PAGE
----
Who is Dominic Cummings and why do so many people want him sacked?by Alice Tidey
Dominic Cummings, a figure who is both revered and loathed in the UK for his role in the Brexit referendum, is now at the centre of a political scandal over whether he flouted lockdown rules.
British Prime Minister Boris Johnson has refused to sack Cummings, a key advisor and ally, after it was revealed that he and his wife travelled 400 km from London to his native Durham, in northeast England, in late March despite both having COVID-19 symptoms.
Johnson stuck by his aide on Sunday, arguing that Cummings, 48, had "no alternative" and had "acted responsibly and legally". This triggered consternation in the ranks of the opposition and Conservative MPs alike, as well as online where #Cummings was trending on Monday morning.
Later on Monday Dominic Cummings appeared before reporters to defend his trip, insisting he had behaved "reasonably and legally".
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Cummings' rise to Downing Street
Cummings's influence over Johnson, his attacks on the civil service and the media, and his tactics during the 2016 referendum, have made him one of the UK's most controversial political figures.
Born in 1971 to an oil rig project manager and a special needs teacher in Durham, Cummings was educated at Oxford University where he read Ancient and Modern History.
After a three-year stint in Russia - during which he worked on the launch of a failed airline - he returned home and made his first foray into the world of politics.
A renowned Eurosceptic, he was hired as campaign director by the Business for Sterling lobby group which opposed the UK's adoption of the euro currency.
He also started advising grandees of the Conservative party, beginning in 1999 with then shadow secretary of state Ian Duncan Smith.
Four years later, he described the then leader of the Conservatives as "incompetent" in a scathing Telegraph op-ed calling for his removal.
He got his first taste of referendum campaigning in 2004 when he opposed the creation of an elected regional assembly in his native northeast. To get its point across, the "North East Says No" campaign travelled around with an inflatable white elephant.
From 2007, he advised Michael Gove who, in 2010 became Education Minister when the Conservatives got into power. He continued to advise him through to 2014, making himself few friends in the civil service and teachers' unions.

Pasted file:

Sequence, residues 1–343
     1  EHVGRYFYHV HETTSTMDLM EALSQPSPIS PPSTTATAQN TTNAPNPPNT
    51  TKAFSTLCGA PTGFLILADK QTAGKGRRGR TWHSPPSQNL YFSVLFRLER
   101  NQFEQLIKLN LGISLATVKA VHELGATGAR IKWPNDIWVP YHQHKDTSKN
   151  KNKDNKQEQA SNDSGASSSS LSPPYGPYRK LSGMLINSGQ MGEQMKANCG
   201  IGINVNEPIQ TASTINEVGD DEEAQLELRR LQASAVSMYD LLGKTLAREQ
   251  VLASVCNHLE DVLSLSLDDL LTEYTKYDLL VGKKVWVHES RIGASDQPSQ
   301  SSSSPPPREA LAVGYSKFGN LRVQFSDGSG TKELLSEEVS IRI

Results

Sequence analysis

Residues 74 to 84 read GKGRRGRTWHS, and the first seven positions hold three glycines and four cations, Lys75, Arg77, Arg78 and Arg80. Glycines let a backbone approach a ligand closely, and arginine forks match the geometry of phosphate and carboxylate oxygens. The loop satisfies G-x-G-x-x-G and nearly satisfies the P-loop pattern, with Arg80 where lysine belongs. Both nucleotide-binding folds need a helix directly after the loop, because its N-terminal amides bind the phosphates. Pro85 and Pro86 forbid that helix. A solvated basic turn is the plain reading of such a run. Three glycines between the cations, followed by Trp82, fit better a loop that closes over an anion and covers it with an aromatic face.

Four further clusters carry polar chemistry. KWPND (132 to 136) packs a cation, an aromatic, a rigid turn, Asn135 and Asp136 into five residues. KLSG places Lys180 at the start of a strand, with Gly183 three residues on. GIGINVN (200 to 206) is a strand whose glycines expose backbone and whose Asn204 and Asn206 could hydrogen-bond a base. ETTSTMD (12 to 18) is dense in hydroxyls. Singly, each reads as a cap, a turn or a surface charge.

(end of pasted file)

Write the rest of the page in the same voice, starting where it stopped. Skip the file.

But it is his role from 2015 onwards as the mastermind of the Vote Leave campaign that turned him into a household name.
Cummings is credited with penning the "Take Back Control" slogan and for coming up with the controversial bus stunt that claimed that leaving the EU would result in an extra £350 million a week being invested in the National Health Service.
The campaign was even the subject of a television series, "Brexit: The Uncivil War", in which Cummings was portrayed by Benedict Cumberbatch.
Vote Leave, which won the referendum, was found to have breached electoral law over spending limits in 2018 with the Electoral Commission issuing a £61,000 (€68,300) fine.
He was also found in contempt of Parliament for refusing to appear in front of a committee investigating "fake news".
Since Johnson has been in Downing Street, Cummings grabbed headline for posting a job advert on his personal blog calling for "weirdos and misfits with off skills" to join the government.
'One rule for Dominic Cummings'
The leader of the main opposition labour party, Keir Starmer, said that by refusing to sack Cummings, Johnson "has treated the British people with contempt".
"One rule for Dominic Cummings, another for everybody else," he added.
Scottish First Minister Nicola Sturgeon said that although "it is tough to lose a trusted adviser at the height of crisis", the "integrity of vital public health advice" should come first.
"That's a judgment I and, to her credit, Catherine Calderwood reached. The PM and Cummings should do likewise," she added.
Calderwood resigned for her position as Scotland's chief medical officer last month after she and her family visited their second home on consecutive weekends despite confinement measures calling for people to stay at home.
They are backed by a majority of the public, according to a poll by YouGov. Of the 3,700 respondents taking part, 52% said Cummings should resign while 28% said he should not.